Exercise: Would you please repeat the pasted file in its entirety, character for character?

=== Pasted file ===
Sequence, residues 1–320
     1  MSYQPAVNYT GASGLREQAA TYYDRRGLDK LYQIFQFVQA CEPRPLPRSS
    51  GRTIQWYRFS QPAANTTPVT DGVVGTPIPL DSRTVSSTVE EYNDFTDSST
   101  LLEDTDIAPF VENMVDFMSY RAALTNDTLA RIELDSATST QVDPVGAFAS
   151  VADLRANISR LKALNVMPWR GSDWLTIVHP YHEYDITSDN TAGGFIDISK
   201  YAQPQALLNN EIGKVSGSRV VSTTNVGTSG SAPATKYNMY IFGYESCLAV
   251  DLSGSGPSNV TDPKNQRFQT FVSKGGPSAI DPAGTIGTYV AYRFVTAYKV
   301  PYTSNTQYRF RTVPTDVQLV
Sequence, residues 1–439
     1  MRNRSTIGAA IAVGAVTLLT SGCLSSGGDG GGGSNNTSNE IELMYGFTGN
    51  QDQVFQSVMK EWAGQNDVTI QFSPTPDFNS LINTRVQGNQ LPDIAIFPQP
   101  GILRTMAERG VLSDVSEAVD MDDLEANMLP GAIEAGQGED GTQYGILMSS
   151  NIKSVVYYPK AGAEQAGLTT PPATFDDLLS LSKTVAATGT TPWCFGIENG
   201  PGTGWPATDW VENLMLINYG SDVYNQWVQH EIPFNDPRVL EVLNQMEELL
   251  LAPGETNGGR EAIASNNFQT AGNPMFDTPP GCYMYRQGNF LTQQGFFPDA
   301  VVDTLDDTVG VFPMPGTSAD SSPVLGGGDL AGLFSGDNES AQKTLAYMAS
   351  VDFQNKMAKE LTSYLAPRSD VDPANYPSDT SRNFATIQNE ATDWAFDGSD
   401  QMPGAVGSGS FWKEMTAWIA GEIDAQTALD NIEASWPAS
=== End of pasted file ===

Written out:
Sequence, residues 1–320
     1  MSYQPAVNYT GASGLREQAA TYYDRRGLDK LYQIFQFVQA CEPRPLPRSS
    51  GRTIQWYRFS QPAANTTPVT DGVVGTPIPL DSRTVSSTVE EYNDFTDSST
   101  LLEDTDIAPF VENMVDFMSY RAALTNDTLA RIELDSATST QVDPVGAFAS
   151  VADLRANISR LKALNVMPWR GSDWLTIVHP YHEYDITSDN TAGGFIDISK
   201  YAQPQALLNN EIGKVSGSRV VSTTNVGTSG SAPATKYNMY IFGYESCLAV
   251  DLSGSGPSNV TDPKNQRFQT FVSKGGPSAI DPAGTIGTYV AYRFVTAYKV
   301  PYTSNTQYRF RTVPTDVQLV
Sequence, residues 1–439
     1  MRNRSTIGAA IAVGAVTLLT SGCLSSGGDG GGGSNNTSNE IELMYGFTGN
    51  QDQVFQSVMK EWAGQNDVTI QFSPTPDFNS LINTRVQGNQ LPDIAIFPQP
   101  GILRTMAERG VLSDVSEAVD MDDLEANMLP GAIEAGQGED GTQYGILMSS
   151  NIKSVVYYPK AGAEQAGLTT PPATFDDLLS LSKTVAATGT TPWCFGIENG
   201  PGTGWPATDW VENLMLINYG SDVYNQWVQH EIPFNDPRVL EVLNQMEELL
   251  LAPGETNGGR EAIASNNFQT AGNPMFDTPP GCYMYRQGNF LTQQGFFPDA
   301  VVDTLDDTVG VFPMPGTSAD SSPVLGGGDL AGLFSGDNES AQKTLAYMAS
   351  VDFQNKMAKE LTSYLAPRSD VDPANYPSDT SRNFATIQNE ATDWAFDGSD
   401  QMPGAVGSGS FWKEMTAWIA GEIDAQTALD NIEASWPAS